I say 'supposedly' because I actually think the real protagonist is Miranda -- her storyline is dominant, and I was far more interested in what she had to say than anything to do with her mother, who at times felt a bit like a cariacature... her absence allows Oyeyemi the freedom to be lazy in terms of depicting her, and you can sometimes feel that. Miranda on the other hand is very vivid, and fascinating -- she suffers from pica, a rare eating disorder where the sufferer is compelled to eat inedible objects. I liked the way Oyeyemi used Miranda to strike a balance between traditional Gothic themes and contemporary female concerns. I also like the subversion of the Big House theme from Gothic literature -- traditionally, the Gothic protagonist is trapped in a Big House which seems to be somehow alive and plotting against them. Here, the house really is alive, really is plotting against Miranda (and everyone else for that matter) -- it's also muscling in on telling the story, the ultimate unreliable narrator. That was the main thing I liked about this novel -- on the surface, it was just a rather weird, dark little tale. Underneath, though, it was quietly really rather clever.

I was surprised to see people lining up to criticise this book, though I guess I can see why people might not like it. It's dressed up in a pretty cover and looks like a cosy, quirky little book. In fact, it's bloody dark and more than a bit difficult. The narration is very staccato, fragmented and sometimes needlessly weird (single words hanging in the middle of the page for absolutely no reason, etc), and the ever-present-but-never-present Lily is actually more sacharine than intriguing. However, I'm assuming that the OMG-I'd-have-given-it-zero-stars-if-I-could brigade are missing the intertextuality and clever little nods to classic Gothic... because no matter what you think of the original/annoying (delete as appropriate) narration, you can't get away from Oyeyemi's skillful use of both.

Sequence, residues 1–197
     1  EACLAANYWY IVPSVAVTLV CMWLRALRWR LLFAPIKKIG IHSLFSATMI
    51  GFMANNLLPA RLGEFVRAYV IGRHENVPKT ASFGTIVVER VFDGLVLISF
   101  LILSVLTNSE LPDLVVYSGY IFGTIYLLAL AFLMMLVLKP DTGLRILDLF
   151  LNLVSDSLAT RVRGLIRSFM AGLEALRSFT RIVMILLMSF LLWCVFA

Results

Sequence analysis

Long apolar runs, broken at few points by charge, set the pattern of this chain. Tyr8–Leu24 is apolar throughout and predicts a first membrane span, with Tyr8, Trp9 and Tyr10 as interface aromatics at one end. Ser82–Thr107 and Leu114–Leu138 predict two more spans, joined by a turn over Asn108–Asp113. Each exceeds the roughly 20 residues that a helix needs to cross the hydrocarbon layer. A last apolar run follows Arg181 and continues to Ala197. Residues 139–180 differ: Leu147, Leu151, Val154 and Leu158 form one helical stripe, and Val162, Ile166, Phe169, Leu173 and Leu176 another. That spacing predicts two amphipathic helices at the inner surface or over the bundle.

by Anita Brookner
Edition: Hardcover

3 of 5 people found the following review helpful
4.0 out of 5 stars New to Brookner, 6 Jan. 2010
This review is from: Strangers (Hardcover)
I'm a little embarrassed to admit that I had never heard of Anita Brookner, until I came across this latest work. Strangers is a rather weird novel -- definitely not what I expected from the cover blurb. Brookner writes in a style that's only a whisker away from old-fashioned... and at times her prose here seems repetitive, but I think that's part of Paul's "voice." Other readers say they found the story depressing, but I'm inclined to think, well, elderly people really live like this, and as one reviewer pointed out, a sad book (if it is well written and engaging) is as worthwhile as a happy, uplifting one. Personally, I am enjoying the novel. I found Paul's character intriguing -- he seems frustratingly selfish but is also justified in his feelings of vulnerability -- and I was curiousthroughout to see if his odd shufflings and strange encounters would actually lead to anything. I think the book's most fascinating turn was the section in which Paul finds out that his cousin Helena has been living a lie -- she preferred to invent a social life than to admit her loneliness, even though the admittance would probably have brought Paul closer to her. It was a heartbreaking moment, and also a well-observed one. It's not a book that's easy to read, but I'm terrible for giving up on prose as soon as I get to a patch that bores me and I didn't put this one down. I probably won't be moved to read it again, but it is definitely A Good Read.